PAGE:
SEC Adds BlackRock, Fidelity & 6 Other Spot Bitcoin ETF Applicants To The Federal Register
- SEC now registers BlackRock, Fidelity, and six other companies’ Bitcoin ETF applications.
- Countdown begins for the SEC decision on approving or rejecting these applications.
- Market surveillance and investor protection standards key factors in SEC’s evaluation.
The US Securities and Exchange Commission (SEC) has added several prominent names, including BlackRock and Fidelity, to the Federal Register as applicants for a Bitcoin ETF (exchange-traded fund).
This marks the beginning of the countdown for the SEC to make a decision on the approval or rejection of these six Bitcoin ETF applications.
The registered ETFs include BlackRock‘s iShares Bitcoin Trust, Fidelity‘s Wise Origin Bitcoin Trust, WisdomTree Bitcoin Trust, VanEck Bitcoin Strategy ETF, Invesco Galaxy Bitcoin ETF, Bitwise’s Bitcoin ETP Trust, ARK 21Shares Bitcoin ETF, and Valkyrie’s “BRRR” Bitcoin ETF.
While the SEC released public comment documents on Bitcoin ETFs last week, the official review process begins with the confirmation of the applications. The SEC review period typically lasts for 45 days but can be extended up to 240 days.
Historically, the SEC has rejected spot Bitcoin ETF applications, citing concerns related to anti-fraud and investor protection standards. However, many experts believe that the inclusion of market surveillance mechanisms could increase the chances of approval for these ETFs. With BlackRock’s application, in particular, there is optimism for a higher approval rate, although the SEC has signaled that the path to approval remains challenging.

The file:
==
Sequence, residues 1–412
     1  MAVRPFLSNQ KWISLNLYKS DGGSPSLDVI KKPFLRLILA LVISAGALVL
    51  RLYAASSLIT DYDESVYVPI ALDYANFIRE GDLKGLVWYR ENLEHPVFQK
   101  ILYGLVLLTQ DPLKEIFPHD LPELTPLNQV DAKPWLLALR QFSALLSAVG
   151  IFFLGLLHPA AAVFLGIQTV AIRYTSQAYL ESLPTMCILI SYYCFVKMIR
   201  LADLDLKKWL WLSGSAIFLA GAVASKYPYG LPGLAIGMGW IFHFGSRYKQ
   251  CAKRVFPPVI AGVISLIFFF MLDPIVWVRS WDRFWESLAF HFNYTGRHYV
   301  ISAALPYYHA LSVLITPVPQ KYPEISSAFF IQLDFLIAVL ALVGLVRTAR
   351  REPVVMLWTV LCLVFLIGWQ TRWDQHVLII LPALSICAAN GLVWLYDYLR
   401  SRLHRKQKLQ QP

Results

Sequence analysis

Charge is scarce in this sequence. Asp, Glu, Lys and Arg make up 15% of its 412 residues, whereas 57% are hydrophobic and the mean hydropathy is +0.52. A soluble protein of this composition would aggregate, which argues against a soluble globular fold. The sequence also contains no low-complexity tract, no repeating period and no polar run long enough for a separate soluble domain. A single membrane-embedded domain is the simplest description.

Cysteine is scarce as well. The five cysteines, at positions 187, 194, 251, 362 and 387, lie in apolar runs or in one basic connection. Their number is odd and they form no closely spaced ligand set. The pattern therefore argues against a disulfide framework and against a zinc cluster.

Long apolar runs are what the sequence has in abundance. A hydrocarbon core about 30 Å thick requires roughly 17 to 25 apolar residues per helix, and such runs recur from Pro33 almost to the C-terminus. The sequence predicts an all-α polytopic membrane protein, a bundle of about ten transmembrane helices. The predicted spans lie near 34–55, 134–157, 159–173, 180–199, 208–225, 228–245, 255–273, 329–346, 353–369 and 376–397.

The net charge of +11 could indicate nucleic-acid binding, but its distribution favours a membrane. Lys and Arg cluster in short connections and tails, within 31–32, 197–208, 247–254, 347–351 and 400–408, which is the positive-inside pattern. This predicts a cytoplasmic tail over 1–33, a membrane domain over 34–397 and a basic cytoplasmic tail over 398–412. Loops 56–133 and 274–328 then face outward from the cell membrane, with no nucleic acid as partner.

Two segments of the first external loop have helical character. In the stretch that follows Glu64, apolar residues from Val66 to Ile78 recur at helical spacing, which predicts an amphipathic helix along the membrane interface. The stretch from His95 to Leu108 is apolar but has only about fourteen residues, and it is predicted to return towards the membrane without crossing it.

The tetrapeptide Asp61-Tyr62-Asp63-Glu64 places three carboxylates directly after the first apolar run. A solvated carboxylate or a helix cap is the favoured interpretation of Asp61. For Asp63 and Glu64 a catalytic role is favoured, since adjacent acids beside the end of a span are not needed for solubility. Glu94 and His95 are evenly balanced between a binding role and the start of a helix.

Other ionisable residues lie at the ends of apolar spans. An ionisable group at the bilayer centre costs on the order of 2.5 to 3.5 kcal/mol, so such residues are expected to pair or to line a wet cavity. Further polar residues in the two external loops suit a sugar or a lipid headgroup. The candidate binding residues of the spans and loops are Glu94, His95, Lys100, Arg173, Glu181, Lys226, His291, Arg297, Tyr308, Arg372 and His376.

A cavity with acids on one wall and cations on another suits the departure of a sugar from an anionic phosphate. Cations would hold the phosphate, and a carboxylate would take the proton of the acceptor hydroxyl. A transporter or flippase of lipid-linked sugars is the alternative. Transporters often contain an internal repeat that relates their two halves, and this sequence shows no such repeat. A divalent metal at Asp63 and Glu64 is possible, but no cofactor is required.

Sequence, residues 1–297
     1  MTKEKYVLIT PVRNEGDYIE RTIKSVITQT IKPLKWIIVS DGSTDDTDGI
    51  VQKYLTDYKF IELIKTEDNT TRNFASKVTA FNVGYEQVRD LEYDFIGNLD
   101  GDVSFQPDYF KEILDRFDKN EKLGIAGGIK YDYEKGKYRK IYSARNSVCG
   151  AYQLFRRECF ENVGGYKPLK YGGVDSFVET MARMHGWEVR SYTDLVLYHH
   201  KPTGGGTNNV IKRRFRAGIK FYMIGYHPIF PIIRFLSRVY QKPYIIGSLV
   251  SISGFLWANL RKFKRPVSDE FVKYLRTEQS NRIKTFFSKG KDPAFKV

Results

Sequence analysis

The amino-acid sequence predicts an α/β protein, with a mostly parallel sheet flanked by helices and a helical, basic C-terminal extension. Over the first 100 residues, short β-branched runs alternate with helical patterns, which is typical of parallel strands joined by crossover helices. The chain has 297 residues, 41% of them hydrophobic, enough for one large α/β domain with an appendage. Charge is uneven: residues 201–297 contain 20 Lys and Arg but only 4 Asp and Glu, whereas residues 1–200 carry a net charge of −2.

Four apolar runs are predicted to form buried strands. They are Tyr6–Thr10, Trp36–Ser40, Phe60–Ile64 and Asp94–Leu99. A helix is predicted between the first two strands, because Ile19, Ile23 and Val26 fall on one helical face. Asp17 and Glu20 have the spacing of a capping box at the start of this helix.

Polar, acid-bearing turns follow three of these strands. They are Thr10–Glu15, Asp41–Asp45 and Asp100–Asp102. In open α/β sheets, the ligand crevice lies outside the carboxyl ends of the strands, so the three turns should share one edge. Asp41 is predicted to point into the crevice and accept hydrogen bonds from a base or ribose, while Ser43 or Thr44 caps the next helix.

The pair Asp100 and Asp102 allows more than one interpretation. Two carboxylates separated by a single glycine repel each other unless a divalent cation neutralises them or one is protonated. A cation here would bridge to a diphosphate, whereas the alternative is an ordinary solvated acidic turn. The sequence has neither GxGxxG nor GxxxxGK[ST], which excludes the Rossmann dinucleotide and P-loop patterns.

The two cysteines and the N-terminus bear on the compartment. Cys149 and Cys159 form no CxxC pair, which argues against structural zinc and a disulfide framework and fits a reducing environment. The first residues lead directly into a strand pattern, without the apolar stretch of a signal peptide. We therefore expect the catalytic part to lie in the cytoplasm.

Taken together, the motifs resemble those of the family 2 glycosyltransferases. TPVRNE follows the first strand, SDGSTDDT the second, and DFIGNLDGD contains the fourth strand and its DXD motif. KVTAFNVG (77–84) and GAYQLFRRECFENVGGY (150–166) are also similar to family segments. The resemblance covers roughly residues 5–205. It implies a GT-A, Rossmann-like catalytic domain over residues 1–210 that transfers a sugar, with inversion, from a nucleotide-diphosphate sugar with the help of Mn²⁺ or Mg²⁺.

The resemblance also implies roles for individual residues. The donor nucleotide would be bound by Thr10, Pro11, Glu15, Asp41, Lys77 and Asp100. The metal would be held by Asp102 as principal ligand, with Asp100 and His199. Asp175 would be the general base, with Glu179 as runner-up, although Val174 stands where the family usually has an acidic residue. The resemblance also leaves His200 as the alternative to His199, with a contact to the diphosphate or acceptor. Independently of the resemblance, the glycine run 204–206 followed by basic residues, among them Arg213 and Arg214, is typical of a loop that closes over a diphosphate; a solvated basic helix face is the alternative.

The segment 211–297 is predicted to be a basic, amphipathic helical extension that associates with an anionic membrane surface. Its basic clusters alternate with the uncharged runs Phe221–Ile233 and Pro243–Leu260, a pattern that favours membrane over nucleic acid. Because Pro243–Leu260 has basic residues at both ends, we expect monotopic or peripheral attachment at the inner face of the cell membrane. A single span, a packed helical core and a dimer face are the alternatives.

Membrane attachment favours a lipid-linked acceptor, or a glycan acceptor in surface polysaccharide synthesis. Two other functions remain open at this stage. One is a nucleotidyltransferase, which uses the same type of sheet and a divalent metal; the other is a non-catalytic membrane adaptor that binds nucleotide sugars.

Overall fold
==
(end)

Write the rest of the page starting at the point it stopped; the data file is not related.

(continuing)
Nasdaq, where BlackRock proposed to list its ETF, has stated its intention to address concerns by collaborating with Coinbase, the largest US-based cryptocurrency exchange, to monitor trading in the underlying Bitcoin market. Similar surveillance arrangements have been proposed by CBOE Global Markets in their filings.
It is worth noting that the first Bitcoin futures ETF was approved in October 2021, contributing to the surge in Bitcoin’s price to an all-time high of $69,000 in November 2021. Spot ETFs track the price of the cryptocurrency directly, while futures-based ETFs follow the price of Bitcoin futures contracts.
DISCLAIMER: The information on this website is provided as general market commentary and does not constitute investment advice. We encourage you to do your own research before investing.